Three faculty members in the College of Engineering at North Carolina State University have been named recipients of the Outstanding Teacher Award for 2019-20.
Dr. Hsiao-Ying Shadow Huang is an associate professor in the Department of Mechanical and Aerospace Engineering; Dr. Naji Husseini is a teaching assistant professor in the UNC/NC State Joint Department of Biomedical Engineering; and Dr. Steve Shannon is a professor in the Department of Nuclear Engineering.
The award recognizes excellence in teaching at all levels and is a prerequisite for being considered for the Board of Governors Award for Excellence in Teaching and the Alumni Distinguished Professor Award. Recipients become members of the Academy of Outstanding Teachers for as long as they are NC State faculty members. Recognition is given at commencement, the Celebration of Academic Excellence and the Teaching and Learning Symposium.
Dr. Hsiao-Ying Shadow Huang
Since joining the NC State faculty in 2010, Huang has contributed to the success of many students while bringing enthusiasm and innovation to her curriculum and lectures. Her commitment to teaching and conducting research with students is evident in her development of innovative courses at both the undergraduate and graduate level and her being named a 2019 recipient of the Presidential Early Career Award for Scientists and Engineers (PECASE).
Huang’s teaching philosophy is centered around motivating students to intuitively understand the material being taught so that they can apply what they are learning to situations outside of the direct context of the class. “This means that I must demonstrate and show enthusiasm for the deep understanding that is required to transfer learning to situations outside of the immediate context.”
Her success can be seen in the glowing reviews from students. One shared, “Her impressive problem-solving skills and her willingness to work with students outside of the classroom are some things that easily made her a student’s favorite in no time. Her upbeat and motivating personality in the class along with her teaching style and passion for her area of expertise made it so easy to understand the rigorous and difficult coursework we had to take in that graduate class.”
Dr. Naji Husseini
Husseini joined the NC State and UNC faculty in 2014 as a lecturer – becoming a teaching assistant professor in 2017. He is a dedicated faculty member who has revamped and teaches five different courses in varying fields from computer programming to biomechanics to biomaterials at both institutions. In particular, he has brought innovation and creativity to the MATLAB programming class. Historically known as a “dry” course, Husseini updated the course with BME-specific hands-on activities by implementing a small computer for less than $600 for 80 students and developed a low-cost motion capture system – saving thousands of dollars – and successfully used it to measure gait forced and tracking joint motion.
Husseini never shies away from hard work and is always willing to teach a new course on short notice even if the material is unfamiliar. One colleague noted, “Our department had an unexpected opening in a biomechanics class three days before the start of the semester. Naji had a weekend to learn material outside of his specialty and modify the existing course. As we implement a comprehensive overhaul of our curriculum on both campuses, Naji is developing new inquiry-driven lab classes in biomechanics.”
His impact on students is seen in his many glowing reviews from course evaluations. One student said, “Naji is a wonderful course director. He comes to class prepared and enthused about the subject matter. He genuinely cares about the well–being and encouragement of his students. The course material was intellectually stimulating, and helped connect loose ends from other classes. My knowledge of biomaterials has broadened extensively because of this course.”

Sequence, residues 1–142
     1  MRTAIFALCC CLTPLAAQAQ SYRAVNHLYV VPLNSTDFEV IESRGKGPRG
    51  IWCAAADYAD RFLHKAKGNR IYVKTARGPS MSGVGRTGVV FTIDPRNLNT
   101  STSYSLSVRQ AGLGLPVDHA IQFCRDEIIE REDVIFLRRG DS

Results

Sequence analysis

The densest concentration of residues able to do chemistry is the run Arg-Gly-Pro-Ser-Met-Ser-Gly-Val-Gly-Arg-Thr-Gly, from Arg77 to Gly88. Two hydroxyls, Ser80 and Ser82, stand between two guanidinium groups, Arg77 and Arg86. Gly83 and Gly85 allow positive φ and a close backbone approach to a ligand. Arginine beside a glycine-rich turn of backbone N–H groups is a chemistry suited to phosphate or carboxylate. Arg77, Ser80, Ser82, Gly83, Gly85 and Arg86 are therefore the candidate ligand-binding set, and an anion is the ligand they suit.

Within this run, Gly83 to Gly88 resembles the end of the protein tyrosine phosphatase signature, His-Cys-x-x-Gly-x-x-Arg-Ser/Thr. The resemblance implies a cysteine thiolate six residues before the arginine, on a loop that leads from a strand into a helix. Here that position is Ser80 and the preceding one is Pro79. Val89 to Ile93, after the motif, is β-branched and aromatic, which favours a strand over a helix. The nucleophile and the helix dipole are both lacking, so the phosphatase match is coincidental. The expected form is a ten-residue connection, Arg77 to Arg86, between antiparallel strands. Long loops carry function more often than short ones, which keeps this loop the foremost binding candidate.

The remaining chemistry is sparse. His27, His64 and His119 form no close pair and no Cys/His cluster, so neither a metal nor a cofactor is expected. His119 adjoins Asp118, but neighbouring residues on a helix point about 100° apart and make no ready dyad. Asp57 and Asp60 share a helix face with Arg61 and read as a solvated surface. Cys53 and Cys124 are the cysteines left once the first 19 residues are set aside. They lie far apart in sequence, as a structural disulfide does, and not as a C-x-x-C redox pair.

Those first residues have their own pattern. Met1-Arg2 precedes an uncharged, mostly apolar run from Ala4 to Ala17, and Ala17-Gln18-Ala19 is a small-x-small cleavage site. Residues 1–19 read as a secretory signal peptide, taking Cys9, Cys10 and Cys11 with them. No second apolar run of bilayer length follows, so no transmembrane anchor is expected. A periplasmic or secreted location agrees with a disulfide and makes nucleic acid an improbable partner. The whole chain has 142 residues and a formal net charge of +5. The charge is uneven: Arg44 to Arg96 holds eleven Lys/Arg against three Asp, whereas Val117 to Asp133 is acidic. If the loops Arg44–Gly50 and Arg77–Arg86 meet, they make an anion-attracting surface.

Dr. Steve Shannon
Since joining the NC State faculty in 2008, Shannon has proven himself to be an efficient, innovative and caring instructor. His open-door policy ensures that all of his students see success. Even when the questions do not pertain to nuclear engineering, he spends time helping in any way he can – including spending time with students after hours and in evenings in their study groups.
According to Shannon, the best advice on teaching he ever received was from his mentor, she shared with him: “You can roughly break a class up into a 20 percent – 60 percent – 20 percent split. The top 20 percent will do any amount of work you give them, no matter how much it may be. The bottom 20 percent won’t do half of the work that you give them, no matter how little it may be. Focus on the 60 percent. Your job is to get as many of them into that top tier as possible, keep them out of that bottom tier, and along the way you will be surprised at the positive impact you can have on that bottom 20 percent as well.” This statement has shaped into Shannon’s classroom philosophy.
His dedication to his students is evident from the comments by all those who interact with him. A current Ph.D. student in nuclear engineering and advisee of Shannon shared, “I am deeply grateful to Dr. Shannon for the time he invested in me and the advice he has given during my tenure at NCSU. His dedication to students is wildly apparent, and his reputation among the department’s students is high. He is known for always lending an ear, and giving thoughtful, actionable advice. His wide breadth of perspective, from industry engineer and adjunct professor to full professor at NCSU, is also at the forefront of his teaching style, and he emphasizes first-principles understanding coupled with hands-on research.”
Historically, the award is presented at the spring faculty meeting, but due to COVID-19 and large gathering restrictions, Huang, Husseini and Shannon will be honored at the fall faculty meeting.